Queen's University was abuzz with activity on Sunday, Sept. 6 as first-year students arrived to move in to their rooms at the various residences, inclduing the two newest additions, Brant House and David C. Smith House.

    Students and their families were helped out by scores of volunteers and the day wrapped up with the Queen's Welcome U event at the Athletics and Recreation Centre (ARC).

    This year, in an effort to ensure that the move-in process was as seamless and efficient as possible, the university worked closely with the City of Kingston and Kingston Police to help with traffic flow throughout the day. 

    Water shutdown to affect Richardson Stadium

    A planned water shutdown will affect Richardson Stadium on Wednesday, Sept. 9 from 5:30-8:30 am while Utilities Kingston disconnects the water main in the easement to Yonge Street.

    Please note:

    • During the shutdown period, there will be no water available in Richardson Stadium for hand washing, flushing toilets and showers, etc.
    • There are no fire safety implications for Richardson Stadium resulting from this planned work.
    • No other buildings at West Campus will be affected by this shutdown.

    Any questions regarding this shutdown should be directed to Fixit by phone at extension 77301 or by e-mail.

    Principal Woolf announces Queen’s National Scholars

    [Queen’s National Scholars]
    Keren Zaiontz has been appointed Queen’s National Scholar in Creative Industries in the Global City while Qingling Duan has been appointed Queen’s National Scholar in Bioinformatics).

    Principal Daniel Woolf is pleased to announce that Qingling Duan and Keren Zaiontz are the newest Queen’s National Scholars (QNS).

    “Both Dr. Duan and Dr. Zaiontz are promising scholars who have demonstrated a dedication to teaching and a capacity to undertake exceptional interdisciplinary research,” says Principal Woolf. “I am very pleased to welcome them to the university as our newest Queen’s National Scholars and am confident they will make a significant impact within their departments.”

    Dr. Duan has been appointed Queen’s National Scholar in Bioinformatics and is jointly appointed to the Department of Biomedical and Molecular Sciences and the School of Computing. Her research focuses on improving responses to drug treatments through the insights gained from biomedical and genomic data. She was previously an instructor in medicine at Harvard Medical School and an adjunct assistant professor in the Department of Biomedical and Molecular Sciences at Queen’s. She earned her doctorate in human genetics from McGill University.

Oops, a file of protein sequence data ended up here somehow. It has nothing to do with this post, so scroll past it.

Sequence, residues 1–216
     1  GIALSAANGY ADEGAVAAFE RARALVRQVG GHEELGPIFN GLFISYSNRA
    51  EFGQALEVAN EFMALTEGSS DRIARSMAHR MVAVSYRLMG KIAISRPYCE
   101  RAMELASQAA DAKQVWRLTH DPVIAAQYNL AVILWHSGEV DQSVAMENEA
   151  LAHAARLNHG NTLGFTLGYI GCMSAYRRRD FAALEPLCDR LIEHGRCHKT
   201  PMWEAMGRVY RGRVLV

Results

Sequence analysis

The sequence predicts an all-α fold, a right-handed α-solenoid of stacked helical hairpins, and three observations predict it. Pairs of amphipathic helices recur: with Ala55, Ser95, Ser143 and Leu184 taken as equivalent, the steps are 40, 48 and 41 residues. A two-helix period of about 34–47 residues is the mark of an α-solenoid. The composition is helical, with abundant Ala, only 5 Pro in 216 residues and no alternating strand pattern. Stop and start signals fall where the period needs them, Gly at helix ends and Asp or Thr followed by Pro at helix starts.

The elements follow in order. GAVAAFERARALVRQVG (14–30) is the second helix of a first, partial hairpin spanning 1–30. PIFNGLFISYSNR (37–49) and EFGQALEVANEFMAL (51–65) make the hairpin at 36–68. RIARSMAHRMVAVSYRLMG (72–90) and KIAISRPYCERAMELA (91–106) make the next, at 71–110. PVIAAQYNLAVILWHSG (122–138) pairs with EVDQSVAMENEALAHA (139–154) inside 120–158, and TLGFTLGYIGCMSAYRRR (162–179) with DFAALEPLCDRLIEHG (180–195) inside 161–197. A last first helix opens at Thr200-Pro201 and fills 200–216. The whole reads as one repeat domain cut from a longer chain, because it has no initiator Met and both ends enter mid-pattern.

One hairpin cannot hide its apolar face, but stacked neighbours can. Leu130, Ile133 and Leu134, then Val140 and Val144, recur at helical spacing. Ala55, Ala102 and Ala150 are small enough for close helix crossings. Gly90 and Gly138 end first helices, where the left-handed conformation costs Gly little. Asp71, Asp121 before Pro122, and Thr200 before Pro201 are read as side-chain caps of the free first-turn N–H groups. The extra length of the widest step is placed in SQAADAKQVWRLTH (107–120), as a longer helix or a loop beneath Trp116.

Dr. Zaiontz joins the Department of Film and Media where she has been appointed Queen’s National Scholar in Creative Industries in the Global City. Her research investigates how artists are not only driving economic growth in cities but reconfiguring urban space through performance actions that articulate pressing social justice issues. Prior to joining Queen’s, Dr. Zaiontz was a SSHRC postdoctoral fellow at the University of London and a Banting fellow at Simon Fraser University. She holds a PhD in drama, theatre, and performance studies from the University of Toronto.

    The QNS program was first established in 1985, with the objective to “enrich teaching and research in newly developing fields of knowledge as well as traditional disciplines.” Since then, over 100 QNS appointments have been made in a wide variety of disciplines, and the appellation of Queen’s National Scholar has become synonymous with academic excellence.

    The program provides $100,000 annually for five years for each appointment, and funding for the program allows for a maximum of two QNS appointments in each annual competition. The 2015-16 round of the Queen’s National Scholar program is currently open, and academic units have been invited to submit expressions of interest (EOI) to their respective dean’s office by Sept. 8.

    Students, staff prepare for orientation week

    Over the next few days, Queen's is welcoming approximately 4,500 new first-year undergraduate students to campus and introducing them to university life. Orientation week includes dozens of activities that allow students to get to know Queen’s and each other. 

    In advance of orientation week, student leaders undergo intensive training to ensure they are equipped to prepare students for their new living and learning environment, and to introduce them to the spirit that makes Queen's unique.

    [Students gather for orientation week activities]